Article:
The Minister for Education and Skills asked the Public Policy Institute for Wales to provide advice on the best ways to provide effective pupil support in secondary schools. In response to this request, we held an expert workshop in November 2015 attended by academics, practitioners, Welsh Government officials from a range of departments and the Minister for Education and Skills. This report, written by PPIW’s Lauren Carter-Davies, summarises the key lessons and recommendations made by the independent experts at the workshop about how to improve pupil support in secondary schools in Wales. Experts stressed the importance of:
- A whole school approach to pupil support. This requires a school ethos that is focused on promoting wellbeing, strong leadership, buy in from staff, the involvement of pupils in the design and delivery of support, engagement with families, communities, external agencies and employers, collaboration between schools and a long term perspective;
- Responsibility for pupil support being shared by all teachers. Nonetheless, it was suggested that specialist teams have a role to play in providing specialist support working with external agencies;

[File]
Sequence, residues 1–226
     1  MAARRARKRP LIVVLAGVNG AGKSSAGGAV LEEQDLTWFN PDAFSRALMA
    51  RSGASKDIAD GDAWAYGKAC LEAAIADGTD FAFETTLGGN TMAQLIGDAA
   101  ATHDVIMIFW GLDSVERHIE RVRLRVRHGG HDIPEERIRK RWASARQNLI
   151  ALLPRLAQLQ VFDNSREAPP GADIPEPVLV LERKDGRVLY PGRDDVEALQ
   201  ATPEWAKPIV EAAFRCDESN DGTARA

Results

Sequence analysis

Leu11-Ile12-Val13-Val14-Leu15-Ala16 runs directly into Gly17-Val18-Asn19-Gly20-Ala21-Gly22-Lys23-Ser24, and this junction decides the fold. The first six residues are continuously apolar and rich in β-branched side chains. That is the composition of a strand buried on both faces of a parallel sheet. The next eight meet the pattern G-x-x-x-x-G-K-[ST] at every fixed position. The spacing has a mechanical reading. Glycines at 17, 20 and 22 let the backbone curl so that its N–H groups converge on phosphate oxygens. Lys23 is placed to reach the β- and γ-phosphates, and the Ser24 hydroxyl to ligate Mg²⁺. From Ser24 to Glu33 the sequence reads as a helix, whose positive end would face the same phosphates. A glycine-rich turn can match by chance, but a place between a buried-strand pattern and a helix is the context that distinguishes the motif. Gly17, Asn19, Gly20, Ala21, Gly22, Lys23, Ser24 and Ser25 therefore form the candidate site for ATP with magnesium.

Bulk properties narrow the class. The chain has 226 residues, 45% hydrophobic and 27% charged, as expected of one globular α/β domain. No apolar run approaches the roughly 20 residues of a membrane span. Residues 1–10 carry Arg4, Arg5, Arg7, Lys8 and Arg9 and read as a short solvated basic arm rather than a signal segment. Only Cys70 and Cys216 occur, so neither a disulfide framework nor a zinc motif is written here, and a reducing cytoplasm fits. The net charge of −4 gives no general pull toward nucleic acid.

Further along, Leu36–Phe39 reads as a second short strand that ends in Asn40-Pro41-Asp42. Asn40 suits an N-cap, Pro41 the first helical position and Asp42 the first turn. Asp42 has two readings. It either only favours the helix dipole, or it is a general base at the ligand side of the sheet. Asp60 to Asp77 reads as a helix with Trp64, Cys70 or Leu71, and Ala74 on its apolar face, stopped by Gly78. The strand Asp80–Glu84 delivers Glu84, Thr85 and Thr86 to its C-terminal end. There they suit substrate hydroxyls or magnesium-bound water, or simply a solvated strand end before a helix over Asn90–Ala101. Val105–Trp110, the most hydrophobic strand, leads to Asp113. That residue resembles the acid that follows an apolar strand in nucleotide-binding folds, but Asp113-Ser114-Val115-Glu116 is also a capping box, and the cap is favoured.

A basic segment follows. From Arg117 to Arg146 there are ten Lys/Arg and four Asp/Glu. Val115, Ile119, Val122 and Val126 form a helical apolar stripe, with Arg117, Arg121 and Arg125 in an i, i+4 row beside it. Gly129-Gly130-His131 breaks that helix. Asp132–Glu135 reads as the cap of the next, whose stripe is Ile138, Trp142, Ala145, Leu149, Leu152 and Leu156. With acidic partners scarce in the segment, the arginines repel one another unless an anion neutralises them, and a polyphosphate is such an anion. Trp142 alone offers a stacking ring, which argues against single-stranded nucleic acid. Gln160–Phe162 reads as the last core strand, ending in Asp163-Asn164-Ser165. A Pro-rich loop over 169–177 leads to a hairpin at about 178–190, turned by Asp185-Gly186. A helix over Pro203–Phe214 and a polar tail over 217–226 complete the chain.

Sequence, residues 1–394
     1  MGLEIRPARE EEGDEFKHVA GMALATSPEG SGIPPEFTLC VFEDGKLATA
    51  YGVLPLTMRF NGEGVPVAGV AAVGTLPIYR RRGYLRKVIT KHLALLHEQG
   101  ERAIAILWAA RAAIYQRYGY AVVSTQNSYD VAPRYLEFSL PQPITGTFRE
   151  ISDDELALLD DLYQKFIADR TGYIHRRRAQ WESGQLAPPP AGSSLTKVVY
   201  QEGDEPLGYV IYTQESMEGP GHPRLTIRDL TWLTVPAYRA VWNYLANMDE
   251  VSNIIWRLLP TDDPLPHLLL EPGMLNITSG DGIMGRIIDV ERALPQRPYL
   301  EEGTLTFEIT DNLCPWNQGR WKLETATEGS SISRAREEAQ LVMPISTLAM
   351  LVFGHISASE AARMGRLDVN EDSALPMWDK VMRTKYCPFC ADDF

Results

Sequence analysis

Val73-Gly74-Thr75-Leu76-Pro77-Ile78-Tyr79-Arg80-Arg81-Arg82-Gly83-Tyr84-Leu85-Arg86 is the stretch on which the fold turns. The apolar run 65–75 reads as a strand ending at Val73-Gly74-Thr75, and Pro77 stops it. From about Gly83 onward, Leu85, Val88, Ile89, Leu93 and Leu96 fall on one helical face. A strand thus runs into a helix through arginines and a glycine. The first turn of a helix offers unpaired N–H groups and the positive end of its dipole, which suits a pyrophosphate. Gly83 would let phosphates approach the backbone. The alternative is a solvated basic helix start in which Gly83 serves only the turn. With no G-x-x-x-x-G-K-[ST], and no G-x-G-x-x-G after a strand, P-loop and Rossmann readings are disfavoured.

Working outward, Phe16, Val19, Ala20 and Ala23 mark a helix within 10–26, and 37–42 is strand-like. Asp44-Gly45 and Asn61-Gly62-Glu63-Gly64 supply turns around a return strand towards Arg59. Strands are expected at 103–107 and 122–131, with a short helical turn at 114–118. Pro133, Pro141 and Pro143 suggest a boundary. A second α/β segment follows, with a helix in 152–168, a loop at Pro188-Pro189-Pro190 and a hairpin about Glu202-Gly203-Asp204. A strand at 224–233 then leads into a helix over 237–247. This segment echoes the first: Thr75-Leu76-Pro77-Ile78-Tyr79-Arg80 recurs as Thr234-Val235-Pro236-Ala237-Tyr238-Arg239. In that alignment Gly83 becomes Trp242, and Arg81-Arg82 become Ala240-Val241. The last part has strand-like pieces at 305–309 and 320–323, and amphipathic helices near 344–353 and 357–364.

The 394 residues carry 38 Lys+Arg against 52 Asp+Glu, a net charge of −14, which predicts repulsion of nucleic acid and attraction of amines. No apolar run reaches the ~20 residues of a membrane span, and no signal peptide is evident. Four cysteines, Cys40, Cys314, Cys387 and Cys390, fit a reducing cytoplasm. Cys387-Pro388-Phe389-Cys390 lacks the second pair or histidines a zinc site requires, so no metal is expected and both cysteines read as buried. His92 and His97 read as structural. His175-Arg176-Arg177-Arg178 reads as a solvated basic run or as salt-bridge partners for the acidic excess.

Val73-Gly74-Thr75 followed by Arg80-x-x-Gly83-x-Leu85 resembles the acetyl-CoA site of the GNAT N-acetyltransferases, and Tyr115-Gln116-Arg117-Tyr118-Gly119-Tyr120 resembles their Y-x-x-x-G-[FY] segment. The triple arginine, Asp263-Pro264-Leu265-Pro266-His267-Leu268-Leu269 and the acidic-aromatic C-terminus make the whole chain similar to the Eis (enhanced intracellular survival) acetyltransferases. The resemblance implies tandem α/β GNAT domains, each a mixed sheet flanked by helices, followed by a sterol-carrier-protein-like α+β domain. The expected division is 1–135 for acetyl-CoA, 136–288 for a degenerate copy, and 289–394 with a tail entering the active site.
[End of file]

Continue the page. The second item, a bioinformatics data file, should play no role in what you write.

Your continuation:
- Putting wellbeing at the centre of the curriculum. This will require a change of attitude among teachers – in particular a greater awareness of the links between academic attainment and wellbeing;
- Improved information sharing between primary and secondary school to help make support during and following transitions more seamless;
- A clear ‘line of sight’ from age 3 to 16. Some young people struggle to come to terms with differences in the ways they are taught in primary and secondary school. Examples are given for how the transition might be eased;
- Improving Personal and Social Education (PSE) in Wales. This involves refreshing the status of PSE, considering how it is assessed and involving pupils in the design of the curriculum.
- Innovation in approaches to pupil support. There is a lot of good practice in Wales which can be learnt from and built on but approaches to pupil support should be flexible and creative to support the diverse needs of pupils.
The Welsh Government’s plans to reform the curriculum, teaching training and Continuing Professional Development in Wales provide an important opportunity to improve pupil support in Wales.
To view the report, click here.
A blog by Phil Jones, Chair of the National Association for Pastoral Care in Education and Head of The Stanway Federation Learning Centre, can be viewed here.